The music on this disc harks back to an era when America was experiencing an unprecedented level of creativity, ingenuity, and originality in art, popular culture, and technology. Nelson Riddle is a contributor to that era, and Erich Kunzel sustains that contribution by giving us robust, vibrant music that simply makes you feel good about yourself, and the world around you....especially on those days when you get stuck doing the dishes.
Track Listing: Night And Day; Zing Went The Strings (Of My Heart); September In The Rain; You And The Night And The Music; I've Got You Under My skin; Let's Face The Music And Dance; Summer Wind; I Get Along Without You Very Well; Nice
Personnel: Erich Kunzel (conducting); The Cincinnati Pops "Big Band" Orchestra; Rick Baptist(trumpet); Randy Sandke (trumpet); David Edwards(alto sax); Ken Peplowski(tenor sax) Jim Pugh(trombone); Julie Spangler(piano); Timothy Berens(guitar); Don Baldini(bass); Richard Jensen(vibes); Michael Berkowitz(drums)
I was first exposed to jazz circa 1973, when I met a fellow who ran Kappy's Record Store over near 10th Ave., on 42nd St. in NYC. We really clicked and when I told him I played piano and went to Music & Art HS, and had just started at City College of NY as a music major, he asked if I liked jazz...I said yes but I didn't know much about it, but that I did have sheet music for many popular 1920's through 1940's tunes by noted composers (Porter; Gershwins; Irving Berlin; Rodgers & Hammerstein/Hart; Jerome Kern; Lerner & Loewe; etc.) that my mother had sung beautifully starting in the 1940's including tons of famous show tunes, and I played many of those songs already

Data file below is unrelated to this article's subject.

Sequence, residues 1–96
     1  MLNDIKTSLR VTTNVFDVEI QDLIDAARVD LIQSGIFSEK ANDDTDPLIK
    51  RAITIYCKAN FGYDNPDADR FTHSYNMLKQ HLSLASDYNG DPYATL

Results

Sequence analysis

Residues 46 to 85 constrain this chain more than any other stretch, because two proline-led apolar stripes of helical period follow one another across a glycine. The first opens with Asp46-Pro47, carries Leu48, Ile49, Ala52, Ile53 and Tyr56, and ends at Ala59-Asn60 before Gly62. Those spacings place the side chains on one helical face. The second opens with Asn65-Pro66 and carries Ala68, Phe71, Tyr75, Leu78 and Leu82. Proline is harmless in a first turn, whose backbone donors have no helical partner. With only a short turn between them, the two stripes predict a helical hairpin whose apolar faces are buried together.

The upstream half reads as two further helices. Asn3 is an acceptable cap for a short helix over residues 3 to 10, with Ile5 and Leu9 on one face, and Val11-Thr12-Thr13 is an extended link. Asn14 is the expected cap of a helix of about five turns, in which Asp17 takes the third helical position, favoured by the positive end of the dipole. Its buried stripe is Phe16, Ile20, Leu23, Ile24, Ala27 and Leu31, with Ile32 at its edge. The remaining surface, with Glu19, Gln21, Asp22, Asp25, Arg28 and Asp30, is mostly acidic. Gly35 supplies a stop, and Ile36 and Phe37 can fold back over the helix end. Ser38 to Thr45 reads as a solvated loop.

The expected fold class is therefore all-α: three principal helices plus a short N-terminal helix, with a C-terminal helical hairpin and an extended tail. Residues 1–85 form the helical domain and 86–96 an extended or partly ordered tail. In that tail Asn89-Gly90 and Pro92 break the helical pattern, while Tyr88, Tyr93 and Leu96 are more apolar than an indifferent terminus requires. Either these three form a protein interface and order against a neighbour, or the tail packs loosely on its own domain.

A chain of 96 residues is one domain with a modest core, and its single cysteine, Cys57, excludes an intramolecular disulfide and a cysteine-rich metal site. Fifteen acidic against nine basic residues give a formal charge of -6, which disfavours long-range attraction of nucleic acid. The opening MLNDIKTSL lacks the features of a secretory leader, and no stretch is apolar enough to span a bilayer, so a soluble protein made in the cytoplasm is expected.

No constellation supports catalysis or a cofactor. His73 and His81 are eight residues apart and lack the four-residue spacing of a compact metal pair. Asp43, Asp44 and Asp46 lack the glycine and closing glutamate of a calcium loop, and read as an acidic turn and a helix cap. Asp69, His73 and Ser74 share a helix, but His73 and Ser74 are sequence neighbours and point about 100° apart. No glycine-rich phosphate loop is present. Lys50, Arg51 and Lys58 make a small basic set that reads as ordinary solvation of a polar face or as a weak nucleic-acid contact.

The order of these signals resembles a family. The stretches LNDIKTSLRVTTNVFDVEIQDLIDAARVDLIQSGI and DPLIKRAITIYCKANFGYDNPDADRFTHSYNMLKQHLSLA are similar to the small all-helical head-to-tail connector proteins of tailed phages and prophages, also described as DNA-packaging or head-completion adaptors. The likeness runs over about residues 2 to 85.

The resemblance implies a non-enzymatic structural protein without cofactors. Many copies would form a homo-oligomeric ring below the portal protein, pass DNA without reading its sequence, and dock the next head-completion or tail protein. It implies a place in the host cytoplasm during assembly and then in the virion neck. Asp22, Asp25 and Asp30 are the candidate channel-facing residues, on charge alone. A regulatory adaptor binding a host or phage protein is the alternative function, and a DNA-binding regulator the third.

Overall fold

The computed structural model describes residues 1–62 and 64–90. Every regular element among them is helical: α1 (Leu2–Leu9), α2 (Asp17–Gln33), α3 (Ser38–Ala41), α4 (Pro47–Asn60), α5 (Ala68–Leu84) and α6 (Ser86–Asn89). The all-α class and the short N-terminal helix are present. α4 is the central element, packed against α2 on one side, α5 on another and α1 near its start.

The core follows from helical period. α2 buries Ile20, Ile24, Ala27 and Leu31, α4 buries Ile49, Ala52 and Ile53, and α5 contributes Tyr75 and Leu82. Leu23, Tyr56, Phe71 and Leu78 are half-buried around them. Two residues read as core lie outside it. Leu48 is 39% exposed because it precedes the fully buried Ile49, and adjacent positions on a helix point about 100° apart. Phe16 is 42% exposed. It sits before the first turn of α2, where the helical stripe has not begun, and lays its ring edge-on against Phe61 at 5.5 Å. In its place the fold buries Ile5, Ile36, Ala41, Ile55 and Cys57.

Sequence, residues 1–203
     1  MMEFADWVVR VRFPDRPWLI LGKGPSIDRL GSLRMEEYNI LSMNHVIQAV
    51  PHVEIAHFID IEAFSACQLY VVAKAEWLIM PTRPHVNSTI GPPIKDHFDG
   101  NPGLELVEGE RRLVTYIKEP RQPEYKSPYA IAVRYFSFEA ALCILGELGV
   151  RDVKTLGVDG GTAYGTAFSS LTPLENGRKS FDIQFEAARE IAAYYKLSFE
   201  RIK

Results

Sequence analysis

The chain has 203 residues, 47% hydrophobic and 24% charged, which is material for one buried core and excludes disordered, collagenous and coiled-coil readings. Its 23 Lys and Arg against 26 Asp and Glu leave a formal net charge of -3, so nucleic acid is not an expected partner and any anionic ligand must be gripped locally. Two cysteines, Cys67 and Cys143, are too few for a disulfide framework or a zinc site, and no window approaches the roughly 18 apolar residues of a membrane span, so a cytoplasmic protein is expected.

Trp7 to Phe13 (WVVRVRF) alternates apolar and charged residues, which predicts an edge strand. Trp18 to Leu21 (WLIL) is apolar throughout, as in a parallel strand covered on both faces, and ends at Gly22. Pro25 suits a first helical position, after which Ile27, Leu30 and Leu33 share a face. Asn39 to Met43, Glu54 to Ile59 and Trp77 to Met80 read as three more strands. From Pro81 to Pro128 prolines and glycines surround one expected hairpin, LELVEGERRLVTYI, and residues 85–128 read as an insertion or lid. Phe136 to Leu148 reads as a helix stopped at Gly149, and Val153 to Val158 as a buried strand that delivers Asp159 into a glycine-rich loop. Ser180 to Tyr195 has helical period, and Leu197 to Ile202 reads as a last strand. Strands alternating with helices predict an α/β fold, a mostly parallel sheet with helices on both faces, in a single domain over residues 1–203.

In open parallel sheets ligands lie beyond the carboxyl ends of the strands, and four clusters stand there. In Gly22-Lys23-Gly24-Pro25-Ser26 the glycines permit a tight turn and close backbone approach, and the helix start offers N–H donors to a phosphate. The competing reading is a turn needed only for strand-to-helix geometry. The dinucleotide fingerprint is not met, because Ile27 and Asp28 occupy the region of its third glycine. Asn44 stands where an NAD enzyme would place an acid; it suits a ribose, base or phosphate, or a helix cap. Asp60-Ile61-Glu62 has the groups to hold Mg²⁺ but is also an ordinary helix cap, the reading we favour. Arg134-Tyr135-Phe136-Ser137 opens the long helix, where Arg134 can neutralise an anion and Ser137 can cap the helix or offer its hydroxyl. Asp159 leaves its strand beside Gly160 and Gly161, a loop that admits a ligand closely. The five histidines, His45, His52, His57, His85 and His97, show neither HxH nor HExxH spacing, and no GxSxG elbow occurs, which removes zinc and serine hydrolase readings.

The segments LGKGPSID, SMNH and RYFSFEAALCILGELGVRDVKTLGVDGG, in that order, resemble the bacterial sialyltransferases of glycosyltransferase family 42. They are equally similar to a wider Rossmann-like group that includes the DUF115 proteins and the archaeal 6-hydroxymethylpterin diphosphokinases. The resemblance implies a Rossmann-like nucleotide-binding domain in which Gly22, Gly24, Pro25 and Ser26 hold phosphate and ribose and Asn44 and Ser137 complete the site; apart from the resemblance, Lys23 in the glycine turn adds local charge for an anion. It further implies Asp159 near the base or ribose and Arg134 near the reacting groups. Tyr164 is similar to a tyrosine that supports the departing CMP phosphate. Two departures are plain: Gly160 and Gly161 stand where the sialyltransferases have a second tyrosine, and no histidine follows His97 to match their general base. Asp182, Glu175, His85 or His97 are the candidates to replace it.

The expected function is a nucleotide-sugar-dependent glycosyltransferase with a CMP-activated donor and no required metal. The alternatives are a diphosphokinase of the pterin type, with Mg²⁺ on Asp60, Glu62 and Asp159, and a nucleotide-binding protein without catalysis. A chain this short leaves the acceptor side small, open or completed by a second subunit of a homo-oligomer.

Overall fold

I was first exposed to jazz circa 1973, when I met a fellow who ran Kappy's Record Store over near 10th Ave., on 42nd St. in NYC. We really clicked and when I told him I played piano and went to Music & Art HS, and had just started at City College of NY as a music major, he asked if I liked jazz...I said yes but I didn't know much about it, but that I did have sheet music for many popular 1920's through 1940's tunes by noted composers (Porter; Gershwins; Irving Berlin; Rodgers & Hammerstein/Hart; Jerome Kern; Lerner & Loewe; etc.) that my mother had sung beautifully starting in the 1940's including tons of famous show tunes, and I played many of those songs already. SOOOO... he started me off LP's by Oscar Peterson, Art Tatum, Bud Powell, Errol Garner, Bill Evans, Monty Alexander, Charlie Byrd, and Dave Brubeck... does it get any better than that? ...No, it doesn't. I was hooked!!